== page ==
9. Barro, Robert J & Lee, Jong-Wha, 2001. "International Data on Educational Attainment: Updates and Implications," Oxford Economic Papers, Oxford University Press, vol. 53(3), pages 541-63, July.
  10. David N. Weil & Oded Galor, 2000. "Population, Technology, and Growth: From Malthusian Stagnation to the Demographic Transition and Beyond," American Economic Review, American Economic Association, American Economic Association, vol. 90(4), pages 806-828, September.
  11. Douglas Gollin & Stephen L. Parente & Richard Rogerson, 2004. "Farm Work, Home Work, and International Productivity Differences," Review of Economic Dynamics, Elsevier for the Society for Economic Dynamics, vol. 7(4), pages 827-850, October.
  12. Peter J. Klenow & Mark Bils, 2000. "Does Schooling Cause Growth?," American Economic Review, American Economic Association, American Economic Association, vol. 90(5), pages 1160-1183, December.
  13. Devine, Warren D., 1983. "From Shafts to Wires: Historical Perspective on Electrification," The Journal of Economic History, Cambridge University Press, Cambridge University Press, vol. 43(02), pages 347-372, June.
  14. Roland Benabou, 2000. "Unequal Societies: Income Distribution and the Social Contract," American Economic Review, American Economic Association, American Economic Association, vol. 90(1), pages 96-129, March.
  15. Jonas D. M. Fisher, 2006. "The Dynamic Effects of Neutral and Investment-Specific Technology Shocks," Journal of Political Economy, University of Chicago Press, University of Chicago Press, vol. 114(3), pages 413-451, June.
  16. Basu, Parantap & Guariglia, Alessandra, 2007. "Foreign Direct Investment, inequality, and growth," Journal of Macroeconomics, Elsevier, Elsevier, vol. 29(4), pages 824-839, December.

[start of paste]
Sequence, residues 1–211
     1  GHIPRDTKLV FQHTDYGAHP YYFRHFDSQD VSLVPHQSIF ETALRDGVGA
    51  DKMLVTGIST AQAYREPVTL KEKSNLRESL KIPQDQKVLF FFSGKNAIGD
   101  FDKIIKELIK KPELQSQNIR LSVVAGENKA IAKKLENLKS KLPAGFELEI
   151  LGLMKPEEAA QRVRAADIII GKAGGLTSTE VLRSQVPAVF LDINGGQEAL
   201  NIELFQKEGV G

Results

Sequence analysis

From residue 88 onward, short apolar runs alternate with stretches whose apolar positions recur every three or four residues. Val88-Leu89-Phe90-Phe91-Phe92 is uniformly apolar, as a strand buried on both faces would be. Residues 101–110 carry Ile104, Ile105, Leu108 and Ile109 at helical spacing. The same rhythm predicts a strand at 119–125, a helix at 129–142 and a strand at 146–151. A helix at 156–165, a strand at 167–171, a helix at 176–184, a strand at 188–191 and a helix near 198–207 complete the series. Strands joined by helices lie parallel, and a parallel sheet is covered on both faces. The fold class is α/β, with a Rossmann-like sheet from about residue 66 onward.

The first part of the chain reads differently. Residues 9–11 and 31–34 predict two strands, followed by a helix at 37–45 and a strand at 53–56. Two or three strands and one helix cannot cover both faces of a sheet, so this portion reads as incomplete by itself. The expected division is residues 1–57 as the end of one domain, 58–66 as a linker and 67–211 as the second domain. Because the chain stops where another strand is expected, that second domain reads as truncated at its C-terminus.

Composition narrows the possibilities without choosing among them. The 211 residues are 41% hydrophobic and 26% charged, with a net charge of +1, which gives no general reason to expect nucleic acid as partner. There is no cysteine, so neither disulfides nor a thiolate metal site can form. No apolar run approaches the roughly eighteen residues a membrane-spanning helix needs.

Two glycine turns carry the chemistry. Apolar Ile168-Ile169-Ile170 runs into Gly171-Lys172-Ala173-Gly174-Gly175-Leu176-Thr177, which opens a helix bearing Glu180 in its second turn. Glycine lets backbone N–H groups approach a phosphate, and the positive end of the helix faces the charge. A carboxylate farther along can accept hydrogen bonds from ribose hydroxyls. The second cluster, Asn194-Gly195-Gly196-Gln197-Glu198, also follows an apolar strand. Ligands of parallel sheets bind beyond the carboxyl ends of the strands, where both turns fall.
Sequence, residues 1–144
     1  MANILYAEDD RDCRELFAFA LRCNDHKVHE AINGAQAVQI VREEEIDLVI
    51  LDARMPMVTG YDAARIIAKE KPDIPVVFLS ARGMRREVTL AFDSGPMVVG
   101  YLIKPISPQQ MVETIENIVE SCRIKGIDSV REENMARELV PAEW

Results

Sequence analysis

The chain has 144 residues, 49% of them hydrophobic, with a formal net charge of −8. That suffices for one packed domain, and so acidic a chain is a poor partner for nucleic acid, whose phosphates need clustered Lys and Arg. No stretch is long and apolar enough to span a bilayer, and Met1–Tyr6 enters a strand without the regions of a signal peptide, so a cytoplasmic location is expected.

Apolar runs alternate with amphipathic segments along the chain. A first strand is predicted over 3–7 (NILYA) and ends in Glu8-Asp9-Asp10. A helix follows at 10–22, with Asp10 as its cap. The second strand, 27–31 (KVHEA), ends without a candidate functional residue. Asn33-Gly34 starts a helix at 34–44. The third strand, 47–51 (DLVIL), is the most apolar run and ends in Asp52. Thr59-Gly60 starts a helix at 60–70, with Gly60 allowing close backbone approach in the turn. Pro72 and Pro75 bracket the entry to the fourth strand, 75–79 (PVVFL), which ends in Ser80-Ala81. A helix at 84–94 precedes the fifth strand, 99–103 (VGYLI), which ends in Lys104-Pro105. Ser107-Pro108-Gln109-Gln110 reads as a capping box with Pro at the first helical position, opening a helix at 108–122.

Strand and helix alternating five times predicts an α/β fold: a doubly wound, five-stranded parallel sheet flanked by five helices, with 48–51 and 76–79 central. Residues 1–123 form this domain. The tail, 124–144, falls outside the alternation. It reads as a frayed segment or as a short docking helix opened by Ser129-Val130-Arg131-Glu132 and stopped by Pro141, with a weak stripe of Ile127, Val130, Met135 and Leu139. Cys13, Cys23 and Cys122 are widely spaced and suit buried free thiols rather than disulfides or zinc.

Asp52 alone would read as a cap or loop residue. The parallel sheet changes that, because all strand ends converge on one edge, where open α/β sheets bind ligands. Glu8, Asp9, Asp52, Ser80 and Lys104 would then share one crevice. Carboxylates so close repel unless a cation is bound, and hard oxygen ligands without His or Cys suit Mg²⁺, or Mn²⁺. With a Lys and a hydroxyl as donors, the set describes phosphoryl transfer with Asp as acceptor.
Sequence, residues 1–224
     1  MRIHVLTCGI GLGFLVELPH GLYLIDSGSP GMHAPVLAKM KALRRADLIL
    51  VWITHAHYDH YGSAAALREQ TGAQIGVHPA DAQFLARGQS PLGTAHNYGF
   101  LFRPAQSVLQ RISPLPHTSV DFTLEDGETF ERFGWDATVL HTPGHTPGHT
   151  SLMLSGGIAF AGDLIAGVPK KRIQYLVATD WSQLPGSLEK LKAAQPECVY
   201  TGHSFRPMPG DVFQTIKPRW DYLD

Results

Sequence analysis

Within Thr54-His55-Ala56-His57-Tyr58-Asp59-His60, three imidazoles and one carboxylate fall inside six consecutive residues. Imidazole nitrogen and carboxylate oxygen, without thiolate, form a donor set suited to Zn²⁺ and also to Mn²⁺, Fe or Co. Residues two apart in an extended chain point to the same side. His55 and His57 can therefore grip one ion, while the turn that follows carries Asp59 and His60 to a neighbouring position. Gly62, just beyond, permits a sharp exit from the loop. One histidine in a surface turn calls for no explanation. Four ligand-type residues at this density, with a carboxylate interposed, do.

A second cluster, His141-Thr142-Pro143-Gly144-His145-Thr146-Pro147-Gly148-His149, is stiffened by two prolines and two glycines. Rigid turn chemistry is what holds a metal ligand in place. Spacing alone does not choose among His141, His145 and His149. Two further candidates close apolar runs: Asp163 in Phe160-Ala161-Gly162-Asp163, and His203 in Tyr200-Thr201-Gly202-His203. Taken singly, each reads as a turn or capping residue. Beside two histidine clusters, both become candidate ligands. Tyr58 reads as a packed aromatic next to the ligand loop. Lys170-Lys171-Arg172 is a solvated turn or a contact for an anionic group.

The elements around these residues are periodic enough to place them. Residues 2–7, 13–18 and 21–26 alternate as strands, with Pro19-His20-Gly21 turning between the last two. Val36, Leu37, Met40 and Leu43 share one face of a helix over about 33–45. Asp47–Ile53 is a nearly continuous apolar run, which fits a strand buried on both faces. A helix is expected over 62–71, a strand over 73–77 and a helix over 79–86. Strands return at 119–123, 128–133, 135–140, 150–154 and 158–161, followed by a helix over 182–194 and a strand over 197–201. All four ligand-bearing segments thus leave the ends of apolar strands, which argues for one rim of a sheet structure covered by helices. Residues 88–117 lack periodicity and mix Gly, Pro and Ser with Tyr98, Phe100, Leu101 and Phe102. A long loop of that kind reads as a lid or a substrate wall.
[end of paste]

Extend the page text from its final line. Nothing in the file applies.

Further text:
17. Lucas, Robert Jr., 1988. "On the mechanics of economic development," Journal of Monetary Economics, Elsevier, Elsevier, vol. 22(1), pages 3-42, July.
Full references (including those not matched with items on IDEAS)

Citations

Citations are extracted by the CitEc Project, subscribe to its RSS feed for this item.
as in new window

Cited by:
  1. Hasan, Mohammad S., 2010. "The long-run relationship between population and per capita income growth in China," Journal of Policy Modeling, Elsevier, Elsevier, vol. 32(3), pages 355-372, May.

Lists

This item is not listed on Wikipedia, on a reading list or among the top items on IDEAS.

Statistics

Access and download statistics

Corrections

When requesting a correction, please mention this item's handle: RePEc:sej:ancoec:v:75:1:y:2008:p:104-127. See general information about how to correct material in RePEc.

For technical questions regarding this item, or to correct its authors, title, abstract, bibliographic or download information, contact: (Laura Razzolini).

If you have authored this item and are not yet registered with RePEc, we encourage you to do it here. This allows to link your profile to this item. It also allows you to accept potential citations to this item that we are uncertain about.

If references are entirely missing, you can add them using this form.

If the full references list an item that is present in RePEc, but the system did not link to it, you can help with this form.

If you know of missing items citing this one, you can help us creating those links by adding the relevant references in the same way as above, for each refering item. If you are a registered author of this item, you may also want to check the "citations" tab in your profile, as there may be some citations waiting for confirmation.

Please note that corrections may take a couple of weeks to filter through the various RePEc services.